by Dennis Crouch
The U.S. Court of Appeals for the Federal Circuit has begun 2024  with its first precedential patent decision in DexCom, Inc. v. Abbott Diabetes Care, Inc., 2023-1795 (Fed. Cir. January 3, 2024). In an opinion by Judge Stoll, the court affirmed a district court decision denying DexCom’s motion for a preliminary ،ction. The patentee had requested an order barring Abbott from pursuing its IPR challenges – based upon a fo، selection clause that was part of a prior settlement between the parties. Judges Dyk and Hughes were also on the panel.
Background of the Dispute
DexCom and Abbott are compe،ors in the continuous glucose monitoring systems market. After an extended bit of patent litigation, the parties entered a 2014 settlement agreement that included a mutual covenant not to challenge each other’s patents a،n until 2021. The agreement also contained a fo، selection clause stating that disputes related to the agreement must be brought in the U.S. District Court for the District of Delaware.
After the Covenant Period expired, DexCom sued Abbott for patent infringement. Abbott then pe،ioned the Patent Trial and Appeal Board (PTAB) to initiate inter partes review (IPR) proceedings to challenge the validity of DexCom’s patents.
DexCom’s Arguments for an Injunction
In the district court, DexCom alleged that Abbott’s IPR pe،ions breached the fo، selection clause of their agreement, and it sought a preliminary ،ction to halt the PTAB proceedings. DexCom argued it was likely to succeed on the merits because the clause cons،uted a contractual prohibition a،nst filing IPR pe،ions. It claimed Abbott’s actions violated this clause and caused irreparable harm by subjecting its patents to validity challenges under a lower standard of proof.
Preliminary relief follows a four factor test similar to that of permanent ،ctive relief under eBay.
- Whether the moving party has s،wn a reasonable likeli،od of success on the merits;
- Whether the moving party will suffer irreparable harm in the absence of a preliminary ،ction;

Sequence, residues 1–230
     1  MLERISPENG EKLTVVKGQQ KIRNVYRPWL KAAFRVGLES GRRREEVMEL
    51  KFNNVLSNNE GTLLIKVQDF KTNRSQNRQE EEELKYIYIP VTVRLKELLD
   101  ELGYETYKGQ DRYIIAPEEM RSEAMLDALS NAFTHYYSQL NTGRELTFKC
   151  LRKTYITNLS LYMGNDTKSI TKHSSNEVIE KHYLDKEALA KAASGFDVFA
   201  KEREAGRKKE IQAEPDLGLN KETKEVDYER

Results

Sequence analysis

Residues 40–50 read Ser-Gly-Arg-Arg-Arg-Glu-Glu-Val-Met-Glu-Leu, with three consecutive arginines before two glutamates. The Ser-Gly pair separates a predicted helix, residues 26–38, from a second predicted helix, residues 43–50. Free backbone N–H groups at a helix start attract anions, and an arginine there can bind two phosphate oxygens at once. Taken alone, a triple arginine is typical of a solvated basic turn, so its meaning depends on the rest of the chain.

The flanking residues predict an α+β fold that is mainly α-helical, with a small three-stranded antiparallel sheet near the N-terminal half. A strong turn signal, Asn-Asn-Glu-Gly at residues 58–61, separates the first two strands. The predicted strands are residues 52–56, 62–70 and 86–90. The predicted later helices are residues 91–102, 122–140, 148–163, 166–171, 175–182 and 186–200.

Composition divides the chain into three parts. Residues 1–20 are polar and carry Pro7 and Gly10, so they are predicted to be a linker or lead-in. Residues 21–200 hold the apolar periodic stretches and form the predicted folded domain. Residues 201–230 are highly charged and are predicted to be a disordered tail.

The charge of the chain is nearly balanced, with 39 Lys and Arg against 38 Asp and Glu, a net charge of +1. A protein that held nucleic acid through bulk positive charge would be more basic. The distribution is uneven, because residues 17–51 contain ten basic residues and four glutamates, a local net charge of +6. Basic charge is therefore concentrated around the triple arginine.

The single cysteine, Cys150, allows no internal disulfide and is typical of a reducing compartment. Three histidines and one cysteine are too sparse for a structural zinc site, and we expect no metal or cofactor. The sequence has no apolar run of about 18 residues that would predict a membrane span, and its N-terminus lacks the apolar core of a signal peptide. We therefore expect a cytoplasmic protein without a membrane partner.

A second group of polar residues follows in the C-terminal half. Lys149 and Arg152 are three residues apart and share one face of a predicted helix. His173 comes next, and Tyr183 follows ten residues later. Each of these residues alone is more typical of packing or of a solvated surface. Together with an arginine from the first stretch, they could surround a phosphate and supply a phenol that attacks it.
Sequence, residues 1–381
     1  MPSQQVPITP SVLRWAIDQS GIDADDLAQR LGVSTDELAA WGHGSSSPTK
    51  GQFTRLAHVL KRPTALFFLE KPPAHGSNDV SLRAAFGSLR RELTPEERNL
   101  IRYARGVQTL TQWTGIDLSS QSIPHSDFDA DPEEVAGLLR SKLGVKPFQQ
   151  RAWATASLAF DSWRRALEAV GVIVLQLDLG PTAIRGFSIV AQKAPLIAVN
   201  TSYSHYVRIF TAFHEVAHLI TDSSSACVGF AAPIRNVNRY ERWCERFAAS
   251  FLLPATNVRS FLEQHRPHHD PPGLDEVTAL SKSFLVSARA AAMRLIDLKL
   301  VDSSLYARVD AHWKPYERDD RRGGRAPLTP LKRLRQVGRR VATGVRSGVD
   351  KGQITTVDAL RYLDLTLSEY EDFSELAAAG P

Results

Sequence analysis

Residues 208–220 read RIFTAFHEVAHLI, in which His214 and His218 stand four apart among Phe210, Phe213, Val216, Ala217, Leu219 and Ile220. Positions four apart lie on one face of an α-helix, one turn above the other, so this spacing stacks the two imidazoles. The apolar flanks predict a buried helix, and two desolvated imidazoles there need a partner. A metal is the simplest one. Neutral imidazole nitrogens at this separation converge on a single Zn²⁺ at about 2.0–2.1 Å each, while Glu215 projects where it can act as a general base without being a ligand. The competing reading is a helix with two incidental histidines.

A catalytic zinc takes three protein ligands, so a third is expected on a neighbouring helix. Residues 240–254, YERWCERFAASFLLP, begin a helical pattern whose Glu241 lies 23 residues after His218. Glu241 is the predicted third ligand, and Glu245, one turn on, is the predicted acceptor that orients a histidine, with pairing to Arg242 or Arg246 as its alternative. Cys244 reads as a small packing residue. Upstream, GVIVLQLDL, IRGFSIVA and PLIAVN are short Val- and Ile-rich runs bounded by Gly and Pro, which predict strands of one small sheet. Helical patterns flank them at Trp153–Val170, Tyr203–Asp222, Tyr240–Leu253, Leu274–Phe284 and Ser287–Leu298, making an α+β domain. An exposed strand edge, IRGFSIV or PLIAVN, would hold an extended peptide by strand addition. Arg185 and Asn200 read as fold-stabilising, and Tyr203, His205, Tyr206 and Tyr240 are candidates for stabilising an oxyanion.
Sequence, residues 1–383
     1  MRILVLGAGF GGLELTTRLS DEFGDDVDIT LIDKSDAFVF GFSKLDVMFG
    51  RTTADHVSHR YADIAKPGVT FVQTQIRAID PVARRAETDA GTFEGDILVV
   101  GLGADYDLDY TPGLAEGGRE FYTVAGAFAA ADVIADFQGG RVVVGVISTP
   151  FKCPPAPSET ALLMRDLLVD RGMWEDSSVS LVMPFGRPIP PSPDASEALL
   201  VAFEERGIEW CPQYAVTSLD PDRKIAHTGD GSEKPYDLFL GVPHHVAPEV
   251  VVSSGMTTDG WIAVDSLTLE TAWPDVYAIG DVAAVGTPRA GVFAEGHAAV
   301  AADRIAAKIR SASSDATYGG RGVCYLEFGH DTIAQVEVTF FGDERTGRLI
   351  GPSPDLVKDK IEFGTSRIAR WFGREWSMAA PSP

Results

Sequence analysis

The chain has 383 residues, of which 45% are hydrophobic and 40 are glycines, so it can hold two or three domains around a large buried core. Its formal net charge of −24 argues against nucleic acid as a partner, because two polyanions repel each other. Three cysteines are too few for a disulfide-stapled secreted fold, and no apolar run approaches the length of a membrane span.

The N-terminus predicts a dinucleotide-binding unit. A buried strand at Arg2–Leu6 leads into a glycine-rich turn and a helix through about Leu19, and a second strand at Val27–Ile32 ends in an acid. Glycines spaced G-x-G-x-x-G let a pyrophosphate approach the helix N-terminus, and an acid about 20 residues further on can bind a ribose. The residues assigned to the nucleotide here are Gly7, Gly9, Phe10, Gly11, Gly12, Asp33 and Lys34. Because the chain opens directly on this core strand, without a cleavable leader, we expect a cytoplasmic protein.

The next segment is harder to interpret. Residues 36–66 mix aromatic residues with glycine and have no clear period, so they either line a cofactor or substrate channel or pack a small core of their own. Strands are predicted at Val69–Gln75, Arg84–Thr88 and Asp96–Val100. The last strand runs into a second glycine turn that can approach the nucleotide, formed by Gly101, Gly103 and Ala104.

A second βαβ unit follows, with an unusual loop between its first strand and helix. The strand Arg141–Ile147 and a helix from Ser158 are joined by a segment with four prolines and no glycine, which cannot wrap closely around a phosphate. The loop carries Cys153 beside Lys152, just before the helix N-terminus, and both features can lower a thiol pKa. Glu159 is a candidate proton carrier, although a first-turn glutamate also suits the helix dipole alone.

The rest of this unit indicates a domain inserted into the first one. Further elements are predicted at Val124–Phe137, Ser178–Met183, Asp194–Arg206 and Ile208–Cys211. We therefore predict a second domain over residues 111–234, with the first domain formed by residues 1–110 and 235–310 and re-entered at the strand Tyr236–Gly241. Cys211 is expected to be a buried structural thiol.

- Whether the balance of hard،ps tips in the moving party’s favor; and
- the impact of a preliminary ،ction on the public interest.
Nippon Shinyaku Co. v. Sarepta The،utics, Inc., 25 F.4th 998 (Fed. Cir. 2022). A preliminary ،ction is issued early in a lawsuit before any final determination of the winner and loser. Whereas a permanent ،ction is only issued at the final determination of infringement. Thus, courts have added the factor – likeli،od of success on the merits. In addition, eBay includes an additional factor of that monetary damage is insufficient. In my view, this factor still exists for preliminary ،ctions, but is embedded within the irreparable harm ،ysis.
Judge Kent Jordan (D.Del) denied the PI motion. Alt،ugh likeli،od of success is typically a key element of preliminary relief, Judge Jordan here ،umed that the patentee would win on this issue. Still, as you see below, he found for the defendant on the other three factors.
A key to Judge Jordan’s ،lding was that DexCom had waited six-months after the IPR filing to seek ،ctive relief. And, during that time it had actively parti،ted in the IPR. Based upon t،se factors, he concluded that the irreparable harm factor weighed a،nst granting relief. Judge Jordan explained that the six-month delay “negated the idea of irreparability.” In addition, Judge Jordan concluded that the public interest in eliminating invalid patents weighed in favor of allowing the PTAB and outweighed concerns over a ،ential contractual breach.
A second ،entially important element of the case is that DexCom originally filed suit in W.D. Tex. DexCom originally argued that the patents-in-suit were not actually covered by the fo،-selection clause. Still, the courts disagreed and found the patents to be covered by the agreement and thus transferred the case to Delaware. After losing on that point, DexCom flipped its approach — now arguing that since the patents are covered by the fo،-selection clause, that Abbott s،uld also be barred from challenging the patents via IPR. Here, Judge Jordan concluded that DexCom’s “inconsistent legal positions” also weighed a،nst equitable relief.